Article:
Will Uruguay’s nationalized pot industry work?

pot cultivation hbtv hemp beach tvWith the tiny Latin American country of Uruguay poised to become the first country on earth to regulate the cultivation and distribution of marijuana, legislators here are turning their minds to how to make the country’s grand experiment actually work.

As the conversation shifts from philosophical to practical, sticky business questions are arising: How do you set the price for a commodity that to date has only been available on the down-low? Should adults be allowed to provide pot to minors in their care? And, to some, the most terrifying question of all: What happens if there’s a reefer famine that affects production?

Interviews with top officials in the ruling Broad Front coalition and with foot soldiers of the grassroots campaign for legalization offered limited answers to these questions.

More often, the powers that be breeze past the most difficult questions. “The answers will come,” the nation’s drug czar, Julio Calzada, told GlobalPost. Still, the bill faces an easy run through Uruguay’s senate this fall. “We’re working out the details,” said the legislator, who co-authored the legalization bill.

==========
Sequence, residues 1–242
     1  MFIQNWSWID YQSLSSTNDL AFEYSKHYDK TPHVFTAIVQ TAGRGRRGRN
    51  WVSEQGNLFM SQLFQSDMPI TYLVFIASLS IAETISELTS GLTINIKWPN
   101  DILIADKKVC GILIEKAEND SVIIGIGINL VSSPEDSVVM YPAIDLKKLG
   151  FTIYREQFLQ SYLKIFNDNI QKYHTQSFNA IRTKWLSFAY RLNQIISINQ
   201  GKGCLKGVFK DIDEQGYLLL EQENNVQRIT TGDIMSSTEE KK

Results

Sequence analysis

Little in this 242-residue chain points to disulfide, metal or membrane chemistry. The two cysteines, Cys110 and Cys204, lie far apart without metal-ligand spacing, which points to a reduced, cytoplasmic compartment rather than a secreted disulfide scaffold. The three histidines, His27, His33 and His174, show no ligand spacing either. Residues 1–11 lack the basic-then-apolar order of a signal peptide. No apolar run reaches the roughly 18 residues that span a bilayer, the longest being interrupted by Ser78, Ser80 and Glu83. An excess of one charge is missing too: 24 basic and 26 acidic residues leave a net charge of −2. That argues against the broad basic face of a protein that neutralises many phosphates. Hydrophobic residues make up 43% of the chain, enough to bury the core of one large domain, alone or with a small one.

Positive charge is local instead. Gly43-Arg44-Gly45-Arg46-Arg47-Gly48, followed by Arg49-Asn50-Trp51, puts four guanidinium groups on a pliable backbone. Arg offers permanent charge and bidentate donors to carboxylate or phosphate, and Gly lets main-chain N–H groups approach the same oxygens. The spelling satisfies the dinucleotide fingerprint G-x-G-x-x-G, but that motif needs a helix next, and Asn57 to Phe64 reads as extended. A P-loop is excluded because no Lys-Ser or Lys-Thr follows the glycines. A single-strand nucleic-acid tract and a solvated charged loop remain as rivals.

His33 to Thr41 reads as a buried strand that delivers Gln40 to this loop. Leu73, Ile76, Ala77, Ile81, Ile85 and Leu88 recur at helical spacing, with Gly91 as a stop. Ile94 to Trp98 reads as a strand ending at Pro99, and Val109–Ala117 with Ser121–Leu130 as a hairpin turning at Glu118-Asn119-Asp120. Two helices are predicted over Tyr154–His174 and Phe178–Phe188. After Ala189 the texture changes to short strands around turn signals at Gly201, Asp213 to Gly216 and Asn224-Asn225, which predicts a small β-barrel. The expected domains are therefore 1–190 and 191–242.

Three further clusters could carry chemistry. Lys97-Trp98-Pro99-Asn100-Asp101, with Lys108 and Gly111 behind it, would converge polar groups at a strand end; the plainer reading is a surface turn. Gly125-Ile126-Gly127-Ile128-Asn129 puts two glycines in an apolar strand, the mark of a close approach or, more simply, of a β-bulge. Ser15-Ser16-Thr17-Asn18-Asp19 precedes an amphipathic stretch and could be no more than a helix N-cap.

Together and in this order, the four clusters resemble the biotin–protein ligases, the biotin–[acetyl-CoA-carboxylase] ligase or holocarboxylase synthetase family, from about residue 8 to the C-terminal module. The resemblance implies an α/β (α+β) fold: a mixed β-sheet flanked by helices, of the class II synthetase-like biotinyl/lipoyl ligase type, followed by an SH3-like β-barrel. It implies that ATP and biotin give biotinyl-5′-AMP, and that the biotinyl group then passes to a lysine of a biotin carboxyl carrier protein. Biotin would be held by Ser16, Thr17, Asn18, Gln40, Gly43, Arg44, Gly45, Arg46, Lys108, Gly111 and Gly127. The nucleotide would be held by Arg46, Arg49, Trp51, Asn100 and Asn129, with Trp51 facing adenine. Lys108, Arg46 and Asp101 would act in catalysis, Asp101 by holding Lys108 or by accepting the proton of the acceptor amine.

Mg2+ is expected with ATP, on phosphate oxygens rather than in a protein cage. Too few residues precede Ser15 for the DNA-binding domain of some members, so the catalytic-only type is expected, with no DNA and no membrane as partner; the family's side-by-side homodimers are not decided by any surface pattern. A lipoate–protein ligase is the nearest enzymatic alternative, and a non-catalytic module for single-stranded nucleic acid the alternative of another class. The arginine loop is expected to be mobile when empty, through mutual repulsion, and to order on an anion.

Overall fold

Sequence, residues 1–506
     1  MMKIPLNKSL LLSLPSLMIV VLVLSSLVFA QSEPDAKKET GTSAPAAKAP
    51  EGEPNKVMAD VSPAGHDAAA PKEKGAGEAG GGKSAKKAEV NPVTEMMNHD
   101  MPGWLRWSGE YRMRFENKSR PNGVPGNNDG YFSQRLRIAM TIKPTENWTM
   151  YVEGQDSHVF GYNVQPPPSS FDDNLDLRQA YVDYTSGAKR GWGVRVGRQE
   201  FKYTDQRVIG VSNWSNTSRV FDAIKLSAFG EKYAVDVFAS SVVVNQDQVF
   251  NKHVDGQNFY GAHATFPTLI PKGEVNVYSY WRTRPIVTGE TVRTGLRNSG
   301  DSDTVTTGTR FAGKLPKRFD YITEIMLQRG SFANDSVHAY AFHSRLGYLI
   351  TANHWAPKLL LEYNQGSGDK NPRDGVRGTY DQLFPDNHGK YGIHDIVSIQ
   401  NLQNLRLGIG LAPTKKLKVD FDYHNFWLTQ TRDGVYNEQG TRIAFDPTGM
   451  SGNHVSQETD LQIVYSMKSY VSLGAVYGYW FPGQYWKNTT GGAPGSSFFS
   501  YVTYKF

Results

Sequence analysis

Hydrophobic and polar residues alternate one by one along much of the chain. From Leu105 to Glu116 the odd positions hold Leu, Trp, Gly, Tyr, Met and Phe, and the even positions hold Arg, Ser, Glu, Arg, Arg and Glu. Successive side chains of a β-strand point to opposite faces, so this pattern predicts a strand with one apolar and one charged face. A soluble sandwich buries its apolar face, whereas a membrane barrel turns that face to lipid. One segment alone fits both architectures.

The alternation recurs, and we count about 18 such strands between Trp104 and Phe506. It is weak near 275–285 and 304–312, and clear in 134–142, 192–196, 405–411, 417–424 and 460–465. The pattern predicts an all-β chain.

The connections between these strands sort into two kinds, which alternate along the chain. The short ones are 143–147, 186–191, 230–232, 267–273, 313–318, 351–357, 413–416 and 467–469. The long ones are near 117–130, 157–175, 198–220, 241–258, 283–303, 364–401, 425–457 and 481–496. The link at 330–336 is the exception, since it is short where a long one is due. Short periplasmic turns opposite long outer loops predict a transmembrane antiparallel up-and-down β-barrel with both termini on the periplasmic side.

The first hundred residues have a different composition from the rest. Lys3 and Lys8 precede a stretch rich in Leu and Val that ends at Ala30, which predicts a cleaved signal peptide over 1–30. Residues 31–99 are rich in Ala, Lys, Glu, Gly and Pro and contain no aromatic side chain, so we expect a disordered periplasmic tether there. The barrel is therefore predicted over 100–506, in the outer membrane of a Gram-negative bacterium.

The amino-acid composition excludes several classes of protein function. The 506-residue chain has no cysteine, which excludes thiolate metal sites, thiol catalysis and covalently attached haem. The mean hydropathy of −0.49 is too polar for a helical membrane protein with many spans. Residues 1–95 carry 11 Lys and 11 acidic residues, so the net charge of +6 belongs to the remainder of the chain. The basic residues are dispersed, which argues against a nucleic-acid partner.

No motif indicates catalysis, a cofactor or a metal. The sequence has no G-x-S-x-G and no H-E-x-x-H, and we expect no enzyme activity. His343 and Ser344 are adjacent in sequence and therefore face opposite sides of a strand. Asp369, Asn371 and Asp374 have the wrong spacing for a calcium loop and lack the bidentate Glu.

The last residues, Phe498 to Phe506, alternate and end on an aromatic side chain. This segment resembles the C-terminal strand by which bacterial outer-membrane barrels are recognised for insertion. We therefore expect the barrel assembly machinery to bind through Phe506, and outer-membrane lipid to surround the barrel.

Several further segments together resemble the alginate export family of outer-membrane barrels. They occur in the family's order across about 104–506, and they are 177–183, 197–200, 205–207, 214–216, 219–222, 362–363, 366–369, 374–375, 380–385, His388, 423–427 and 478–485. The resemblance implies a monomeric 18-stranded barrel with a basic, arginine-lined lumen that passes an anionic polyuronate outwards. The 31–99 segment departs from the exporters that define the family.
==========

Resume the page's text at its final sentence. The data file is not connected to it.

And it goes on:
It’s perhaps fair enough that lawmakers can’t provide precise answers. Uruguay is launching a progressive drug policy experiment that is unparalleled in its breadth, and it will be months, perhaps years, before residents here discover how the government’s pot plan has panned out.

We’ve identified some of the most important questions facing Uruguay’s government as it embarks on this ambitious project, and the possible answers.

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